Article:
During the Great Patriotic War (World War II) many women in the Soviet Union flew fighter aircraft in combat. These women were generally underappreciated by their peers (the men they flew with), and the Soviet public. Only a few names are known in the West. The 586th Women’s Fighter Regiment, along with the 587th Women’s Bomber Regiment, and the 588th Women’s Night Bomber Regimen, was formed by Marina Raskova by order of Josef Stalin in late 1941. These units consisted of all women, including the mechanics. The 586th Regiment assigned to Saratov in the summer of 1942.
The 586th Fighter Air Regiment contained other women pilots of note. Valentina Petrochenkova and a woman comrade chased a reconnaissance bomber quite beyond their area of operation until they ran out of ammunition. Valeria Khomyakova shot down a night bombing Ju-88 and inspected the wreckage on the banks of the Volga. Galia Boordina infiltrated a Ju-88 bomber formation at night and shot down one of the aircraft.
The most famous woman fighter pilot Lilya Litvak began her career in the 586th Fighter Air Regiment. Please refer to my previous blog, ‘Lilya Litvak.’ Katya Budenova gained nine victories and was a consummate fighter pilot. She kept her hair short and was always singing. She became Lilya’s wing mate in the 586th Fighter Air Regiment and followed her to the 73d Fighter Air Regiment, an all male unit. Eventually Lilya convinced the Regimental Commander Colonel Nikolai Baranov to let them fly, initially as wing mates on the colonel’s and Captain Alexei Salomaten’s wings.
Lilya, as the highest scoring woman ace in the Soviet Air Force, achieved a victory tally of 12 aerial kills plus three shared victories in 268 sorties over a period of less than a year of combat. She owes much of her fame to her mechanic, Ina Pasportnikova, who gave an interview to a Soviet newspaper reporter, and also to Bruce Myles, author of Night Witches, The Amazing Story of Russia’s Women Pilots in World War II.
Bruce Myles’ accounts add a personal touch to the harrowing life of a fighter pilot living in primitive conditions under severe mental and physical stress. The Ukraine, Russia’s bread basket, captured by the Germans in 1941, reduced Soviet food supplies. The rations consisted of one meal per day of bread with watery soup. Shower trains arrived at airfields at rare and irregular intervals. These allowed all personnel to get a hot shower. Women first.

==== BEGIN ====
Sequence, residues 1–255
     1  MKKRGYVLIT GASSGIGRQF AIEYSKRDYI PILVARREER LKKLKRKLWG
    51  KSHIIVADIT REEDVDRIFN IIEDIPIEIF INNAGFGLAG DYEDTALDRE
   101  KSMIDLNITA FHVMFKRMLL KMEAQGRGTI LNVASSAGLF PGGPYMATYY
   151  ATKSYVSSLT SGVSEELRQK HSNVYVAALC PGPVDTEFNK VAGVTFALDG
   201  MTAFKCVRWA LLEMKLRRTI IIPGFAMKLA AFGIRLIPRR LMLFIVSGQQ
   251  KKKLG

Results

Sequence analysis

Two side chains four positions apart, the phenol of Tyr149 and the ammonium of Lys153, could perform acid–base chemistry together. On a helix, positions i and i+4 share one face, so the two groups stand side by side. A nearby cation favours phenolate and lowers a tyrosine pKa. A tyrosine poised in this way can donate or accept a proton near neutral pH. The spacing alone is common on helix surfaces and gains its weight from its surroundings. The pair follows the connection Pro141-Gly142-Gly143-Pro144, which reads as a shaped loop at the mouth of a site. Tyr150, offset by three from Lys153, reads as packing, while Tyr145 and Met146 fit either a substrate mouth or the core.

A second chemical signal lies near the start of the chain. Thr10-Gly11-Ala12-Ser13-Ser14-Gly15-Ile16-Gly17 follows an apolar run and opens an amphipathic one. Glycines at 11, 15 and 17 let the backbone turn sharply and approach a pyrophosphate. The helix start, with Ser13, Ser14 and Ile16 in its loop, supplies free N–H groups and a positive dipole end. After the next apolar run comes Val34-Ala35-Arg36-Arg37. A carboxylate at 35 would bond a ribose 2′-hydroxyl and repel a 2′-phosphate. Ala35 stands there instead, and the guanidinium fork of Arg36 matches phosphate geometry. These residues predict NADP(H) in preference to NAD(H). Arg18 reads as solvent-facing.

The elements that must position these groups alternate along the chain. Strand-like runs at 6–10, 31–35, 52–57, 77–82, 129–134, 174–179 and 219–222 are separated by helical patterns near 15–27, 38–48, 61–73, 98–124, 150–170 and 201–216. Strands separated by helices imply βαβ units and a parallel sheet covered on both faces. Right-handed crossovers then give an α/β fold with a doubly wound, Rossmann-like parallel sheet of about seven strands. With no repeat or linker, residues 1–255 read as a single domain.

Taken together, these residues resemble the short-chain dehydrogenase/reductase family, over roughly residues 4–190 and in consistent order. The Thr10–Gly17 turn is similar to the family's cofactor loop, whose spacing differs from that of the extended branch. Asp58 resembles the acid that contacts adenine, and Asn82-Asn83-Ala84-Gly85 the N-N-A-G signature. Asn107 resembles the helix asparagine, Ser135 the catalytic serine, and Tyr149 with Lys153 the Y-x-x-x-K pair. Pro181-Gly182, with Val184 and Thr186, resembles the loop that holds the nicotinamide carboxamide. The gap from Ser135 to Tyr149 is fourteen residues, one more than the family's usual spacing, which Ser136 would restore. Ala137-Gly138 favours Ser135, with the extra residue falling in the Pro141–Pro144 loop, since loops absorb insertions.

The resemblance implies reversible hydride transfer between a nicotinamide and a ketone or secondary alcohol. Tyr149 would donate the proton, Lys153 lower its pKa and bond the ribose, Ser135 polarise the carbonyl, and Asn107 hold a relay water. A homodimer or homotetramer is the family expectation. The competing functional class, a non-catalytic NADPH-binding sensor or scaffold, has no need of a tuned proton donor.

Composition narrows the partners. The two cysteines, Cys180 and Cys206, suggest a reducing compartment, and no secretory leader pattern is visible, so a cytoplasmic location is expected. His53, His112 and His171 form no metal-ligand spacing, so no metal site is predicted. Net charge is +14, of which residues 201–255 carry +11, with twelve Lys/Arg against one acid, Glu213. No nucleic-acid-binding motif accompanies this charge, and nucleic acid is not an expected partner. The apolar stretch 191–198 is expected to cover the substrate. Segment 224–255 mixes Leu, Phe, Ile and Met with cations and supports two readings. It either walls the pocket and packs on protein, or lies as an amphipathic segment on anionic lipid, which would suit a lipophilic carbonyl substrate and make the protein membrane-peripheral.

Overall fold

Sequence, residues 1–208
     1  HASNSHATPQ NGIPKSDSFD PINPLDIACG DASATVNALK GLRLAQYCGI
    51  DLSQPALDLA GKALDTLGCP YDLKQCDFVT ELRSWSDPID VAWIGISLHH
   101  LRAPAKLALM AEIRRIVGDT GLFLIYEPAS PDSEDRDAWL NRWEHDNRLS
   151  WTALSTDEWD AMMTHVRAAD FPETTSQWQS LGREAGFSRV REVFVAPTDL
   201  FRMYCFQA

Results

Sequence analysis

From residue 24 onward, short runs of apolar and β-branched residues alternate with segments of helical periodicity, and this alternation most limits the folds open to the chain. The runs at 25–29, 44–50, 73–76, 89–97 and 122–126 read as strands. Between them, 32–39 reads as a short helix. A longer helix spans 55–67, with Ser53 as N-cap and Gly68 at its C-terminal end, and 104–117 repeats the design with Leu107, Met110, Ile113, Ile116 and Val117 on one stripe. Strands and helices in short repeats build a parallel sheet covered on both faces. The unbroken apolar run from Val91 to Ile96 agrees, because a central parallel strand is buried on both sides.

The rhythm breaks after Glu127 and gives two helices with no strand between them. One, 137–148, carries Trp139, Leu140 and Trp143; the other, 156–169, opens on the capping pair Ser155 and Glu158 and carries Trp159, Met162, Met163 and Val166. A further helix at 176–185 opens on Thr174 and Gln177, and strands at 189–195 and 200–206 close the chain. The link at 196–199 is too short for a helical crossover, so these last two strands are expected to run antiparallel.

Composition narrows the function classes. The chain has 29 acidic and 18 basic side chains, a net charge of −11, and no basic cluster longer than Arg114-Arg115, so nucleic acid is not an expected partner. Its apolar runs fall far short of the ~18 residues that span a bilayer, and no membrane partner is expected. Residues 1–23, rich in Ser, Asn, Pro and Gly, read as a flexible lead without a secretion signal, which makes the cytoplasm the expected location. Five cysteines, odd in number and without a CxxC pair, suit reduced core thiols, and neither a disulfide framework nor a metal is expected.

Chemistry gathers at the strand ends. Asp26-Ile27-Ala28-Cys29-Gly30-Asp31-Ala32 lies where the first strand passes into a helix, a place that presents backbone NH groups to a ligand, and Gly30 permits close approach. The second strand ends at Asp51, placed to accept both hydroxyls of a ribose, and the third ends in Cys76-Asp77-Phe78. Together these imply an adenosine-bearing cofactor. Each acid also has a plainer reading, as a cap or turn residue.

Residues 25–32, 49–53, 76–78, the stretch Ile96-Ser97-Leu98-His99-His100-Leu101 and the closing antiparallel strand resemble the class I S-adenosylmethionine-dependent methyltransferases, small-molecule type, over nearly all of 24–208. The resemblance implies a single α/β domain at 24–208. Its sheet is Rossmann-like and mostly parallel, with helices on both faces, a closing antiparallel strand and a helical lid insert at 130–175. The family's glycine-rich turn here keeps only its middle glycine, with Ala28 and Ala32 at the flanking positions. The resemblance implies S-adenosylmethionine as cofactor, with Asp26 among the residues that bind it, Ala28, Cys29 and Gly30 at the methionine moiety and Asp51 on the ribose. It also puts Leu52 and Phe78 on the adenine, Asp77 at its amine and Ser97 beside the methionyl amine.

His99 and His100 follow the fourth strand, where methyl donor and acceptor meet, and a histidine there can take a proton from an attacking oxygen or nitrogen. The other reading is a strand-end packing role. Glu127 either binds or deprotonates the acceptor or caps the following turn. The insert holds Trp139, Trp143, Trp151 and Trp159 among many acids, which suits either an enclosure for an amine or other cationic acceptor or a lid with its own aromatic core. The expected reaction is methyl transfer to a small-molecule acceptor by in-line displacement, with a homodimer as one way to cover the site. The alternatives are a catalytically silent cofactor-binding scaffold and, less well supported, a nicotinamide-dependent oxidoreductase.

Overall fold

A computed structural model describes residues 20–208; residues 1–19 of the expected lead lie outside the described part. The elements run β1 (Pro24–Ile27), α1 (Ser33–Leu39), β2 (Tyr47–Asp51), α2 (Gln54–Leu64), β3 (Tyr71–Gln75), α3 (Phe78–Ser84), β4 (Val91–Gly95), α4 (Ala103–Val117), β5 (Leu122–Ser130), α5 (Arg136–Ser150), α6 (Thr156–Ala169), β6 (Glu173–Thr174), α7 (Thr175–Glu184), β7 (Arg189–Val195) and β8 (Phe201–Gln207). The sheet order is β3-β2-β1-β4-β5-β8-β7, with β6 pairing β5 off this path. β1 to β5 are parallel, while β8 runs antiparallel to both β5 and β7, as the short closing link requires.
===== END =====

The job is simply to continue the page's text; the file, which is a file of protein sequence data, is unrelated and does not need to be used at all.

In intervals between the arrivals of the shower trains, Lilya used slivers of soap and hot water drained from the radiator of her Yak fighter, mixed with cold water, to wash her hair. Colonel Nikolai Baranov turned a blind eye to that disobedience stating the Soviet Air Force could afford the loss of a bit of hot water. Lilya typically brought flowers into her cockpit before going flying and frequently wore a flower in her hat.
Colonel Baranov also allowed her to paint a white rose on both sides of her aircraft, number three, which she called “Troika.” Each aerial victory was celebrated by adding another white rose as a victory marking. She became known as the ‘White Rose of Stalingrad,’ and achieved notoriety among German airmen.
Lilya was shot down twice in three weeks, once making an emergency landing, another time bailing out of her flaming machine, she emerged from that period emotionally shaken. Her boyfriend, Captain Alexei Salomaten, was shot down and killed, and Lilya carried a photograph of them sitting together on the wing of her aircraft. After his death her friends became worried about her. She withdrew into herself and threw herself into her combat flying. Only her friend, Katya Budenova, was able to comfort her. When Katya was shot down and killed, Lilya was devastated.
Surprised as she attacked a formation of Ju-88s bombers, Lilya was killed in single combat with eight Bf-109s.
Sources: “Red Air Force Female Fighter Pilot Lilya Litvak Became an Ace and Hero of the Soviet Union Fighting the Germans” Michael D. Hull, WW II History Magazine, January 2005, Sovereign Media, Herndon, VA
Night Witches: The Amazing Story of Russia’s Women Pilots in World War II, Bruce Myles, Academy Chicago Publishers, Chicago, IL, Second Printing 1990